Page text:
Like a trio of vuvuzelas, the three big internet platforms became a significant part of the World Cup's background noise in 2010. They have even more to offer this time around: Not just a multitude of ways to follow scores and other stats, but also places to go if you want to trumpet your opinions and listen to those of others. So, we've rounded up some of the best advice from Twitter, Facebook and Google on how to get the most out of the new features they're dishing out for Brazil 2014.
If you're already au fait with the Twittersphere's workings, you'll want to begin your journey at the #WorldCup2014 hashtag page. This main timeline will show you relevant tweets from celebs, teams, pundits and people in your network. On the right-hand side you'll see quick access to a Teams page, so you can easily find and follow your home nation. There's also a handy bar down the left that shows the latest scores and upcoming games.
Oh, and remember the three-letter hashtag for your team! Just like in 2010, using this hashtag inside a tweet will magically cause the appearance of your national flag ("hashflag") to bring some color to your tweet. For example, it's #URU for all of you Uruguayans.
If you're not already on Twitter, then you'll want to start by signing up and saying "yes" at the bit where you're offered some extra World Cup excitement. This will take you through a couple of easy steps to choose your favorite team and set your wallpaper accordingly. If you're a true patriot, you'll keep that wallpaper forever. Forever, dammit.
This all starts at the Trending World Cup page, which works in a similar manner to Twitter's hub -- albeit with a bit less detail. You can view upcoming matches, but there's no obvious shortcut to find your official team page -- you just have to search for it (e.g., "U.S. Soccer") and look for the blue tick to highlight the official site. There is, however, a "Fan Map" that shows the locations of millions of footy fans around the world and what, exactly, they're fans of. It's a gimmick, perhaps, but it has already proven itself useful in showing that England's Wayne Rooney is widely detested across mainland Europe.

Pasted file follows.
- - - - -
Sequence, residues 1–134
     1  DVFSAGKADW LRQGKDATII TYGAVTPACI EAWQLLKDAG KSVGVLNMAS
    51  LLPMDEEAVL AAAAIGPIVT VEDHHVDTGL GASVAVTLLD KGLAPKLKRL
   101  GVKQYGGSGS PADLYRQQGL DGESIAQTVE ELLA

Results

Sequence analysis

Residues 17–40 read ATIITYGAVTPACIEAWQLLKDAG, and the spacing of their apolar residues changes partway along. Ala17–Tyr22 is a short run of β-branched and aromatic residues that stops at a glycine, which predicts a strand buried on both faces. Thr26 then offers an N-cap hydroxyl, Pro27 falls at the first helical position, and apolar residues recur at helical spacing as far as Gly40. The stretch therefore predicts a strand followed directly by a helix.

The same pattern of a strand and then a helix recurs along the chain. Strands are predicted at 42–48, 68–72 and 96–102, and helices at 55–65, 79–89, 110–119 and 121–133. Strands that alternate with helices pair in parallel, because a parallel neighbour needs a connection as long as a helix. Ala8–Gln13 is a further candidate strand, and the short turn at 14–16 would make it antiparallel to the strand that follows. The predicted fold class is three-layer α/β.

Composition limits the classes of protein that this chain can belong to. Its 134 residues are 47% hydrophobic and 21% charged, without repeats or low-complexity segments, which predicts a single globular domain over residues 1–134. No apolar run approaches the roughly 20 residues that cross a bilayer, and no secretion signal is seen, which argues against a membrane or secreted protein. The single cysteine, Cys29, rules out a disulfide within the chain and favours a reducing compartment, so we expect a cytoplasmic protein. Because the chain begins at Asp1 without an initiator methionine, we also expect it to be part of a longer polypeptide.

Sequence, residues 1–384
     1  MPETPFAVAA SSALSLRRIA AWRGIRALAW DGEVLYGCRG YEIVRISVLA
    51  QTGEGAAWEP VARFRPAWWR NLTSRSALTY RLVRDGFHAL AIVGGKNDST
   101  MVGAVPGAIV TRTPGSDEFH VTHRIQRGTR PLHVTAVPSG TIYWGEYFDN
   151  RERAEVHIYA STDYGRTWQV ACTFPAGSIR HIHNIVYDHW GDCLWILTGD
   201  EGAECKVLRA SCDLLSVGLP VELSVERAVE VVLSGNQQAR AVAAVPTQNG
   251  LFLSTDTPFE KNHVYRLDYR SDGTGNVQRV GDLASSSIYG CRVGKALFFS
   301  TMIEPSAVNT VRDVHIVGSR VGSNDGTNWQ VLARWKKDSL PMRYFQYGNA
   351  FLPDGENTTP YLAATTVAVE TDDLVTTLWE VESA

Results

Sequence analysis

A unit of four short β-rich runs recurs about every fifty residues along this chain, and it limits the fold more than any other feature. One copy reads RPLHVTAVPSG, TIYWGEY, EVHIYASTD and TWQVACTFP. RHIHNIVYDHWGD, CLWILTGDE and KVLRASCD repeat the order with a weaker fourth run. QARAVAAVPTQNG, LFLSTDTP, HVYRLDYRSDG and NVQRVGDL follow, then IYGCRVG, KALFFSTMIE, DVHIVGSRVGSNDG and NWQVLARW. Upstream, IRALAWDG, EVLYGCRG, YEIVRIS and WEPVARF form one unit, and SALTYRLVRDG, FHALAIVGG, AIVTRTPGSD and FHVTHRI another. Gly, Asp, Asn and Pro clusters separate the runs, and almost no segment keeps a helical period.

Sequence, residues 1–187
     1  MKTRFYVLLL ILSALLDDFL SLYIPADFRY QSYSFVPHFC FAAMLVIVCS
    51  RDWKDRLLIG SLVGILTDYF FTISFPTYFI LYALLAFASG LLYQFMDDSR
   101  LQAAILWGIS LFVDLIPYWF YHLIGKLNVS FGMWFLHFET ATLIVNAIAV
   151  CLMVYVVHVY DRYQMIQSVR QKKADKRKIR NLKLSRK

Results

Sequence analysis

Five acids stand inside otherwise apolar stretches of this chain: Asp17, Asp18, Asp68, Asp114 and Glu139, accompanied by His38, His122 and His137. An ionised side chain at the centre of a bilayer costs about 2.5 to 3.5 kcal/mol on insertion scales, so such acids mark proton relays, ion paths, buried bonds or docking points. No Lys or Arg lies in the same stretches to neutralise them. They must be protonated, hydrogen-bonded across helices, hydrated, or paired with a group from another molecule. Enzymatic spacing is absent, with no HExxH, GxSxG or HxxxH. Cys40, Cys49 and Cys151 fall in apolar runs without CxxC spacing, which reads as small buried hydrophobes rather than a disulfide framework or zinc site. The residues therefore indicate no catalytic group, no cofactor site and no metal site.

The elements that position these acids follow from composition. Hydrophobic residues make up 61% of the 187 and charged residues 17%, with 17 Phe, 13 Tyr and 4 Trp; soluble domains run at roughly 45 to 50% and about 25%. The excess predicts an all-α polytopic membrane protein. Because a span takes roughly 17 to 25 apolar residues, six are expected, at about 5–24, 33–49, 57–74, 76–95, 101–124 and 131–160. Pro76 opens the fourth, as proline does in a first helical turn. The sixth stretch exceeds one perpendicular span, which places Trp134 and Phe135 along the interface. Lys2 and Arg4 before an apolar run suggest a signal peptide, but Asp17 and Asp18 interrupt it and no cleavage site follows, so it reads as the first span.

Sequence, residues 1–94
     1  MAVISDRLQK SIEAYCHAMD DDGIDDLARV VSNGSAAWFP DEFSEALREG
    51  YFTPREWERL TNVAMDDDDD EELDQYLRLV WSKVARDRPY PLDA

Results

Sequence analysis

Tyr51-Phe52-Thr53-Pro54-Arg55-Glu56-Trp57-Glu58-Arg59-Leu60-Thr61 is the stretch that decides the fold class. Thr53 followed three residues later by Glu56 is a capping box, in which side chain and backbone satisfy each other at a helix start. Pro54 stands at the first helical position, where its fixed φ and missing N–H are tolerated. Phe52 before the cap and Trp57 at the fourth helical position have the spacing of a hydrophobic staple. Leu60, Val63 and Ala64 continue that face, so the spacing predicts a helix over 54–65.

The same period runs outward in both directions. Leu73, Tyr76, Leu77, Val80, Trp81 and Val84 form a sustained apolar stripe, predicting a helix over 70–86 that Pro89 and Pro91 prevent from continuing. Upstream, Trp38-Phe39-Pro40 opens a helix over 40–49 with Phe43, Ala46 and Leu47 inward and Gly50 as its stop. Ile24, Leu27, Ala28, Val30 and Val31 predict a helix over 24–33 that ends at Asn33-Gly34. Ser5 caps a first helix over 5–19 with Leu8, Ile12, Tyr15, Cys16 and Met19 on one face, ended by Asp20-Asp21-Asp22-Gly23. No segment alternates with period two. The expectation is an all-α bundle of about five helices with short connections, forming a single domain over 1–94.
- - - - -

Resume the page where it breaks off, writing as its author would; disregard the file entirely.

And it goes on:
Compared to the other two, there's a distinct lack of structure and effort from Google at the #WorldCup2014 page. In fact, there isn't even one official hashtag -- people are just using whatever tag comes to mind, resulting in something of a mess.
Then again, Google has other assets at its disposal that World Cup fans might find useful. Firstly, there's a straightforward search, which will show up-to-the-minute scores and stats when you search for relevant terms like "world cup" or "world cup uruguay." There's also Google Trends, which shows all manner of strange observations about upcoming matches, based on what people are searching for.
If you load up Google Now on your phone or browser, you should automatically be asked if you're interested in match update cards, and then be asked to select your favorite team(s). And finally, if you haven't already, check out Google's amazing Street View tours of the Brazilian stadiums that are about to play host to the angst, happiness and sporting talent of an entire planet.
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